INTERVIEW: Always moving the herd westward: TRW EVP Peter Lake
"There is so much you can do - put the eyes and ears on a vehicle" - TRW EVP Peter Lake
Peter Lake is TRW executive vice president sales and business development and has been with TRW's automotive business since the 1999 acquisition of Lucas Varity, where he was serving as VP of marketing for Lucas Varity Automotive. He talked to Simon Warburton on the sidelines of this year's North American International Auto Show in Detroit.
Lake joined the former Lucas Industries immediately after earning his degree in business in 1978, progressing through a number of sales and marketing positions within the diesel and heavy-duty electrical division (CAV).
He subsequently joined the company's Aftermarket Operations as general manager of Lucas Braking Parts and Service. He later was appointed marketing director of the Lucas Aftermarket Division, became commercial director for Lucas Varity Aftermarket Operations, then was elected to head Automotive marketing, a position he held when TRW acquired Lucas Varity.
Lake has a degree in business and is a member of the Society of Automotive Engineers and the Original Equipment Suppliers Association.
j:a: There is significant talk surrounding the US automotive uptick and what it could mean for suppliers - what is TRW's view?
PL: Things continue [their] gradual improvement. The uncertainty that was here 18 months ago as to what was the trajectory, seems to be behind us. There is general consensus we are improving.
That is beneficial as it gives certainty and with confidence, people are prepared to make some larger purchases. If you feel confident about the future, then your business is more prepared to make investments.
I don't see the glass as half full rather than half empty. Suppliers learned a lesson from the depth of that recession...perhaps being careful about bringing cost back into the business - particularly fixed cost - whether that is the vehicle manufacturer or supplier or industry more broadly.
j-a: Can you give an example of how the market has evolved since the last Auto Show in Detroit in 2013?
PL: While last year at this time, there was not full clarity as to [how] the whole driver assist and semi-automatic braking market would evolve, in the last 12 months our understand [ing] of that has solidified and we see vehicle manufacturers being much more aggressive with their uptake about that sort of technology.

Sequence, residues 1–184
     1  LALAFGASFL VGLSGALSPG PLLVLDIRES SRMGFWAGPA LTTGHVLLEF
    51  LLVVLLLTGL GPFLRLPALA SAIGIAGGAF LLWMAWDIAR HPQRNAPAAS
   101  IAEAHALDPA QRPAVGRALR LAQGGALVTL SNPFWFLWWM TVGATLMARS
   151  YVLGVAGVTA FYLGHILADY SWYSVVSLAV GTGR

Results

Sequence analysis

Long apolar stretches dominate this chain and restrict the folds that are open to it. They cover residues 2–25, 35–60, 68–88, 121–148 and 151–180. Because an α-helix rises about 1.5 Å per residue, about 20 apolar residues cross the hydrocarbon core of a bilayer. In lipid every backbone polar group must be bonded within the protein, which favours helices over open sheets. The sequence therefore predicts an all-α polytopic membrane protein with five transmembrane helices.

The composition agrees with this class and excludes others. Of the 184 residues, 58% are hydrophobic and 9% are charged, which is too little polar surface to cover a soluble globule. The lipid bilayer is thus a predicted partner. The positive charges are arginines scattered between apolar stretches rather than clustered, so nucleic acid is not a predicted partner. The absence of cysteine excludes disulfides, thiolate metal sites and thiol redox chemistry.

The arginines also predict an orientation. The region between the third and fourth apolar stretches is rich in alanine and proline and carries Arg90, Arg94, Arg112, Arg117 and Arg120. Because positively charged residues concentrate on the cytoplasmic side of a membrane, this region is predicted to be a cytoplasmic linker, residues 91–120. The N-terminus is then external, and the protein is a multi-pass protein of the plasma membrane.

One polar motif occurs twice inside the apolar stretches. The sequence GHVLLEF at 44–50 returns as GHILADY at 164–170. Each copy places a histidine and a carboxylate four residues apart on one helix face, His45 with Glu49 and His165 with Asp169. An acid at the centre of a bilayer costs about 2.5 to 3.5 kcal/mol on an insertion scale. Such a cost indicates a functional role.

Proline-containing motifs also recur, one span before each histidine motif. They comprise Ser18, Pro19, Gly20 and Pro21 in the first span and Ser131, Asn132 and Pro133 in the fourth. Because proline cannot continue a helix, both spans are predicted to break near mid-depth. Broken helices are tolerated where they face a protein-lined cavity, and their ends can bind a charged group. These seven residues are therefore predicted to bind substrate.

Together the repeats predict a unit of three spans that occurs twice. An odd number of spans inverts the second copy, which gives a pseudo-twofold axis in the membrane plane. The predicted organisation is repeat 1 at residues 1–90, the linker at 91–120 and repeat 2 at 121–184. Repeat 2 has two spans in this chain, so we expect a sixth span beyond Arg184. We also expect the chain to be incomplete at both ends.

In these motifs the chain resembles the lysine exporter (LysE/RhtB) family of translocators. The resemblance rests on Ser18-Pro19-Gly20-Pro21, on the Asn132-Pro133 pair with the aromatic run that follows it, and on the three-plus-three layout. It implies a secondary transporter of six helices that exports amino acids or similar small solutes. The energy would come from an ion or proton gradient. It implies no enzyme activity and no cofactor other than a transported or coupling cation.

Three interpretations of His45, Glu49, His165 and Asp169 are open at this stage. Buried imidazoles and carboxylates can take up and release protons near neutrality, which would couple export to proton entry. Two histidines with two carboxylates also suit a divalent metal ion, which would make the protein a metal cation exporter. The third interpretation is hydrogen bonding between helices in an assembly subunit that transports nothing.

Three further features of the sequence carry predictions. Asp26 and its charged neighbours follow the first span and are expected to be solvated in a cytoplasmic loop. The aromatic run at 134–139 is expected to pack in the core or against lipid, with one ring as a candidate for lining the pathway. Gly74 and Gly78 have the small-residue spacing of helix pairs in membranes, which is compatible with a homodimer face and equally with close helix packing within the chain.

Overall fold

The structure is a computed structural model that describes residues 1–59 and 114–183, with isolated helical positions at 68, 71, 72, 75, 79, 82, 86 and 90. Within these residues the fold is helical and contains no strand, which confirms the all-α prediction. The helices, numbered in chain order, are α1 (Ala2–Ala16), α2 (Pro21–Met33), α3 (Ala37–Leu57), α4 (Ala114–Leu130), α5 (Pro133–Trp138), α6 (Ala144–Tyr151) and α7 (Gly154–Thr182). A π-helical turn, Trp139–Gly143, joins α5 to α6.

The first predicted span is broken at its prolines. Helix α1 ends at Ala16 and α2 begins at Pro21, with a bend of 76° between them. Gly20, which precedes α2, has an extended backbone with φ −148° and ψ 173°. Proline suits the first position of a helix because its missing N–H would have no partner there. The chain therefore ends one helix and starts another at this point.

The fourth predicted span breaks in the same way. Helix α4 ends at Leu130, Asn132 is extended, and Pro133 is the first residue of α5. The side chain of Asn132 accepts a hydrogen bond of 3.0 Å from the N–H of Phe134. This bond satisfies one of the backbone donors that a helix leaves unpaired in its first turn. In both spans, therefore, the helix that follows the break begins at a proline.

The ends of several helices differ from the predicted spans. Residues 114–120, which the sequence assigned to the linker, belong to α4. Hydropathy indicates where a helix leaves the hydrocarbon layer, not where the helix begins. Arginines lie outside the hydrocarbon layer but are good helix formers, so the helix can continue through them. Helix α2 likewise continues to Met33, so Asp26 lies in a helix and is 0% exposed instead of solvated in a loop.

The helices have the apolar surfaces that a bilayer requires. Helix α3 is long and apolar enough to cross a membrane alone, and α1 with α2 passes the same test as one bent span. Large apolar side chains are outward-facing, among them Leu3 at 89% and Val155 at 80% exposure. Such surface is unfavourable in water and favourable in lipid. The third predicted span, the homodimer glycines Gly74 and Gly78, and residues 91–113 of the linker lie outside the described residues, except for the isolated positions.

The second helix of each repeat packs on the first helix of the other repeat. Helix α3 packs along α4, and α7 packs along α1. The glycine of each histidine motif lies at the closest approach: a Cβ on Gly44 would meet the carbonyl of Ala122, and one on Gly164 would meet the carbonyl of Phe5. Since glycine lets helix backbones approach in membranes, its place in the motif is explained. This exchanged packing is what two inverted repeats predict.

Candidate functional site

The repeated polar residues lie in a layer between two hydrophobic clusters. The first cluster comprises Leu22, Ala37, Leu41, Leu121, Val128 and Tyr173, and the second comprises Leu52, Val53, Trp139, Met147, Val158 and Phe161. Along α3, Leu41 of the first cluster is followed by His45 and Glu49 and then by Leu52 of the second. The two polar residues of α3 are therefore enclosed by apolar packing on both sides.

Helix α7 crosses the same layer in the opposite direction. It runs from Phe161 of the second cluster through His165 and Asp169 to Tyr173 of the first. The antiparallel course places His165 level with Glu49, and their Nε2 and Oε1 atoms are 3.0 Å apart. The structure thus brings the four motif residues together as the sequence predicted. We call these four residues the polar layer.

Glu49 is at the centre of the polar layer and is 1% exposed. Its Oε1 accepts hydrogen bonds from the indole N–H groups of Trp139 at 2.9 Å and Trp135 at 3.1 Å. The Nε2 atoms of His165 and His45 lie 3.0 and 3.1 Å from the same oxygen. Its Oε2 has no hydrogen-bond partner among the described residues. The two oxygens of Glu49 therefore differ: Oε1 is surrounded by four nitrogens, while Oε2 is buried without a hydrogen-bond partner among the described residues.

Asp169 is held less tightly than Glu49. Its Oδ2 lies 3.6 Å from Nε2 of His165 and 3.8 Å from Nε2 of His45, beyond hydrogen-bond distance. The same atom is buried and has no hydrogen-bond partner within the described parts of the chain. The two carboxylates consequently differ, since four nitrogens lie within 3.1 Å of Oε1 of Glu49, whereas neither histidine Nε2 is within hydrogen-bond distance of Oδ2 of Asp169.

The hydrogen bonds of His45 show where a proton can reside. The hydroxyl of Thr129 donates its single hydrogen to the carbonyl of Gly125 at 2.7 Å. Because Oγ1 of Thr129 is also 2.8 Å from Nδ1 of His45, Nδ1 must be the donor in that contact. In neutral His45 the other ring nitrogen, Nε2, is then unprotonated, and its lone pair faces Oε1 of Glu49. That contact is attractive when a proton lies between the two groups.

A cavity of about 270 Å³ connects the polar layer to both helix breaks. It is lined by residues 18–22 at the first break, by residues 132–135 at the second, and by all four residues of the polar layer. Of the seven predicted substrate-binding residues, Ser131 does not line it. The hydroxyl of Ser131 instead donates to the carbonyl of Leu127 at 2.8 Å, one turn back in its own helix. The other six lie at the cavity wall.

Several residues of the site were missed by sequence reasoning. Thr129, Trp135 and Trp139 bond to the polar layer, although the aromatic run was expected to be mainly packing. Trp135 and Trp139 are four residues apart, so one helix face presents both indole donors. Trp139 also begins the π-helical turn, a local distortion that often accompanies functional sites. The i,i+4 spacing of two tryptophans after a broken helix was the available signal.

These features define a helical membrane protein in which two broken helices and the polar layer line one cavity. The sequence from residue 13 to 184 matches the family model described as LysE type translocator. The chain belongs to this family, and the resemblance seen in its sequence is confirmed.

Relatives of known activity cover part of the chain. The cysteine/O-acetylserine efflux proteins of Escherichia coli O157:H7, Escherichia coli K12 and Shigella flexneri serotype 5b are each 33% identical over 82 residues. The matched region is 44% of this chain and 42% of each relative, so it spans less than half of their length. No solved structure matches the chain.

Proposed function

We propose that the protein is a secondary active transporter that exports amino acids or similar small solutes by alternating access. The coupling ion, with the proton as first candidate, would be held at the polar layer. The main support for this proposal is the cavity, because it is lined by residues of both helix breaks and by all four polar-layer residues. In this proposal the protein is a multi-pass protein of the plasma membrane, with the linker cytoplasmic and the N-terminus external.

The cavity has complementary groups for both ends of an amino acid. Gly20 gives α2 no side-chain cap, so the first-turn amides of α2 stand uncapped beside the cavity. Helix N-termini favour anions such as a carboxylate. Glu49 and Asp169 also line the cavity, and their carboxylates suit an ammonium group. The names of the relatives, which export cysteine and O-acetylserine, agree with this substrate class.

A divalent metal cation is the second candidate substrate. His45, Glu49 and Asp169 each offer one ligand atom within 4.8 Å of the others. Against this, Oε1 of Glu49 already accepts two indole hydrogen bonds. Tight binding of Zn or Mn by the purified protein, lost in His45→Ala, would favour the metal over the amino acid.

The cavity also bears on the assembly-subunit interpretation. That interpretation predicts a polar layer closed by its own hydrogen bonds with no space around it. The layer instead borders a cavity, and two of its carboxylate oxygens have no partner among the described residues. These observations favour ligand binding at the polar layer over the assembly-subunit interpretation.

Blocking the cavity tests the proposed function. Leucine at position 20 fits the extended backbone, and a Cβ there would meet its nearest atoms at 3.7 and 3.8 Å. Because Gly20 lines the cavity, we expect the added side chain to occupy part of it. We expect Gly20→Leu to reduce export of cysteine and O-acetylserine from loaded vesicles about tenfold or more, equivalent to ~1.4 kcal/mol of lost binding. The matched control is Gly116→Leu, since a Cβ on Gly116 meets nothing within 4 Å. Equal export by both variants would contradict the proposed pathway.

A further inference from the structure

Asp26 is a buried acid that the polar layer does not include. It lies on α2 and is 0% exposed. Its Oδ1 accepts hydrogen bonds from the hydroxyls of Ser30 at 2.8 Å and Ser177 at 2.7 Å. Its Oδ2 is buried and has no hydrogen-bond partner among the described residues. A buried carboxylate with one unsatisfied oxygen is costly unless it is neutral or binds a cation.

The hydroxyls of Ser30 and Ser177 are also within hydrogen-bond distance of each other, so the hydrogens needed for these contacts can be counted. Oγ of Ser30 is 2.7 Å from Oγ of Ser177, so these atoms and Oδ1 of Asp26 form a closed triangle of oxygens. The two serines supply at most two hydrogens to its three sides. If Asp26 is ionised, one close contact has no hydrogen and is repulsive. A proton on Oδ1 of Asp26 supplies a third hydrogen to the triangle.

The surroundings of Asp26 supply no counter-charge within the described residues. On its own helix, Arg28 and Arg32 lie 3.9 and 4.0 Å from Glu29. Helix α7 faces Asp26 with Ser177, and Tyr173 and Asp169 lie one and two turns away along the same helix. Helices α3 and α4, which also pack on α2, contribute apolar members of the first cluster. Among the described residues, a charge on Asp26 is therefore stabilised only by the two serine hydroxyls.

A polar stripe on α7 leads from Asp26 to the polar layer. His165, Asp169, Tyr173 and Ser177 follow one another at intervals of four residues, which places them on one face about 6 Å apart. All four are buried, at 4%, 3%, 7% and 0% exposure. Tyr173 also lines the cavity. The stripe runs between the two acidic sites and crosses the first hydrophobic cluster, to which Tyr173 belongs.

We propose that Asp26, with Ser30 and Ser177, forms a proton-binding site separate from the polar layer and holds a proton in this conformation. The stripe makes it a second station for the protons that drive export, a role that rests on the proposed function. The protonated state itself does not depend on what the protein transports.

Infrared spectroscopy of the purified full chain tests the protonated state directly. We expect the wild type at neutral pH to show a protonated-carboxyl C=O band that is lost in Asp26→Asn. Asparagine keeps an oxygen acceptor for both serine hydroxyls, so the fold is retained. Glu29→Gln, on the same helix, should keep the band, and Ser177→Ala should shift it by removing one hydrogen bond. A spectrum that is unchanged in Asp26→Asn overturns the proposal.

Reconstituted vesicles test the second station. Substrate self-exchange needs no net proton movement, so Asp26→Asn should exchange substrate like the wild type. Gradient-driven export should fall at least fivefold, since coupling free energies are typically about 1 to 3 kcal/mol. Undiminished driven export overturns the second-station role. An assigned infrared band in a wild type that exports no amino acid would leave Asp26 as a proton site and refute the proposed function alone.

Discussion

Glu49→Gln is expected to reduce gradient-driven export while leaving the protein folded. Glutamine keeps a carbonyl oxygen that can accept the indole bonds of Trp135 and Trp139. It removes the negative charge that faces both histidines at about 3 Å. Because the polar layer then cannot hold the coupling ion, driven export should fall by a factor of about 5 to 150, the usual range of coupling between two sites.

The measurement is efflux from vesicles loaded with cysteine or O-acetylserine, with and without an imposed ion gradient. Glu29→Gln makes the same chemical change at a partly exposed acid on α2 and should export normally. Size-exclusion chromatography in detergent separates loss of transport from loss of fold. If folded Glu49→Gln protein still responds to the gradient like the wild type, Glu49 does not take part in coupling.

Much of the Frankfurt show was about automatic driving functions. Some of the pundits have been perhaps over-ambitious, but we are certainly seeing our forecasts are in excess of where we were last year.
Perhaps one of the challenges is some greater clarity around automatic brake systems and what technologies are going to be required to meet that challenge. It is more a medium term thing - a three to five-year time.
j-a: Is that drive coming from the OEMs or consumers?
PL: Some of the fitment rates we are seeing are higher than we had originally envisaged. Certainly some of the fitment rates we are seeing with our technology, such as cameras, there is a strong pull from the marketplace for these features.
We have to make these technologies user-friendly - you don't have to be a member of MENSA to know how to use [them]. They need to be intuitive and fit for purpose.
j-a: Could there be 'too much' technology for drivers to absorb?
PL: We have this mantra: 'safety that everyone deserves.' If something is too complicated to use, it is just not going to be used.
There was a lot of concern about cognitive distraction and we have a responsibility to ensure there is not that overload.
If anything, we are seeing a continuation of pull for safety technologies and people are starting to embrace the thought active safety has a role to play. Automatic emergency brake [ing] is such a feature.
j-a: Does TRW undertake much lobbying of regulators, either through OESA (Original Equipment Suppliers Association) or directly in Washington?
PL: We as as company are not active lobbyists. We see our role as an objective provider of input, rather than pursuing self-interest in this area.